I'm no food stylist or photographer, but take my word for it this is good stuff
I'm an average cook, but love to bake, and as far as I know, nobody has ever had to go to the emergency room after consuming any of my baked goods, which in itself, is a victory.
Recently, my brother-in-law, Bruce, gifted me with a "starter" batch of Amish Friendship Bread.
I have known Monica and Bruce for a long time now. I'm pretty sure I've received a "starter" batch of this bread at least once before, which I never saw through to the end....if I'd only known what I was missing.
So, I get this Ziploc bag full of goopy batter, along with instructions to make the bread.
It's a ten day process, which of course I thought was a crazy amount of time, but decided to give it a shot.
I got the batter last Saturday, and the ten days were finally up yesterday.
I waited until eleven o'clock last night to finish the bread (typical me), and since it takes an hour to bake, was up until 1:00 A.M.
I waited for it to cool, and helped myself to a slice.
My word, it was D.E.L.I.C.I.O.U.S.
Not exaggerating, honest.
After ten days, and a ton of steps, I was beginning to think there was no recipe, Amish or not, worth all those shenanigans.
I stand corrected.
Try it, you'll like it...unless you hate cinnamon....then you won't like it (this recipe has lots of cinnamon, though there are other versions of it here).
I found the "starter" recipe here, but am going to re-post it, so you'll have all the instructions, handily in one spot.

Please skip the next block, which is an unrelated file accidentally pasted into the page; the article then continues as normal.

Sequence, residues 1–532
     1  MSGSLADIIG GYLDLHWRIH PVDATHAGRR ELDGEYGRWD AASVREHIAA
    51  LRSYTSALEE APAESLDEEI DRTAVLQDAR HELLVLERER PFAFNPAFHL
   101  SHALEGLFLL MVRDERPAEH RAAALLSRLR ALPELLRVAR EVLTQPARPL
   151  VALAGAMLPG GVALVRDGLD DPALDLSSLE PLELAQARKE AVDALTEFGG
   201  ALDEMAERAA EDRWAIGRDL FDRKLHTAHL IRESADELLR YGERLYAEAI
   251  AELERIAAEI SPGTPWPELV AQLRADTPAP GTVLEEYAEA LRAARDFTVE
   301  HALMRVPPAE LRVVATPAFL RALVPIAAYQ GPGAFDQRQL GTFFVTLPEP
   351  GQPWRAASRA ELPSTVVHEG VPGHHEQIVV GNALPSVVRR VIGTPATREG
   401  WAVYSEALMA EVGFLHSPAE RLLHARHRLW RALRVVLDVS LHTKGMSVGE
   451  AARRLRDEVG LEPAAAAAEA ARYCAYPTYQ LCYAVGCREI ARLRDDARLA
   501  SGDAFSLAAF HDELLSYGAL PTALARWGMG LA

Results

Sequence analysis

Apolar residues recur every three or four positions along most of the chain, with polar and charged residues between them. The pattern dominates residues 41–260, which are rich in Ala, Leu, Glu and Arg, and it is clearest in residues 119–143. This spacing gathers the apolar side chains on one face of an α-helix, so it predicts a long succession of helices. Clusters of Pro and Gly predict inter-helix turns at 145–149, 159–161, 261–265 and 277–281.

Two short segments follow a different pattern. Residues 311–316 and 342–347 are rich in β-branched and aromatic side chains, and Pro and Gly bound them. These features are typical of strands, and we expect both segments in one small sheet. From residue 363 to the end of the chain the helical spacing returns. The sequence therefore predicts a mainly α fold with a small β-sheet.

Amish Friendship Bread Starter
**Important: Do not use any type of metal bowl or spoon for mixing. Plastic or glass will have to do...a wooden spoon is okay too.**
1 pkg. active dry yeast
1/4 cup warm water (110°F)
1 cup all-purpose flour
1 cup white sugar
1 cup warm milk (110°F)
1. In a small bowl, dissolve the yeast in warm water for about 10 minutes. Stir well.
2. In a 2 quart glass or plastic container, combine 1 cup sifted flour and 1 cup sugar. Mix thoroughly or the flour will get lumpy when you add the milk.
3. Slowly stir in warm milk and dissolved yeast mixture. Loosely cover the mixture with a lid or plastic wrap. The mixture will get bubbly. Consider this Day 1 of the cycle, or the day you receive the starter.
For the next 10 days handle the starter according to the instructions below for Amish Friendship Bread.
Amish Friendship Bread
Again, no metal bowls or spoons for mixing and do not refrigerate.
It is normal for the batter to rise, bubble and ferment
Day 1: The day you make the "starter"
Day 2: Stir the batter
Day 3: Stir the batter
Day 4: Stir the batter
Day 5: Stir the batter
Day 6: Add 1 cup flour, 1 cup sugar, 1 cup milk to the bowl, stir the batter.
Day 7: Stir the batter
Day 8: Stir the batter
Day9: Stir the batter
Day 10: Follow the instructions below.
1. Add 1 1/2 cups flour, 1 1/2 cups sugar, and 1 1/2 cups milk to the batter, mix well.
2. Measure out four separate batters of 1 cup each into four one gallon Ziploc bags.
Keep a "starter" for yourself (if you want), and give the other three to friends, along with a copy of this recipe. If you don't pass the "starter" batter to friend on the first day, make sure to tell them which day the bag is on when they get it. Mark the bag with a start date, and make a note of the dates and the corresponding action.
3. Preheat the oven to 325 degrees.
4. To the remaining batter add:
- 3 eggs
- 1 cup oil (or 1/2 cup oil, 1/2 cup applesauce)
- 1/2 cup milk
- 1 cup sugar
- 2 tsp cinnamon
- 1 1/2 teaspoons baking powder
- 1/2 teaspoon baking soda
- 1/2 teaspoon salt
- 2 cups flour
- 1 large box vanilla pudding
- 1/2 teaspoon vanilla
6. Pour the batter into the two pans and sprinkle the remaining sugar mixture over the top.
7. Bake for one hour. Cool until the bread loosens evenly from the pan (about ten minutes).
Turn out onto a cooling rack. Serve warm or cold, and preferably with an icy glass of milk.
If you keep a starter for yourself, you will be baking every ten days.
If not, just enjoy your bread, and hope that some sweet soul will gift you with the batter again someday.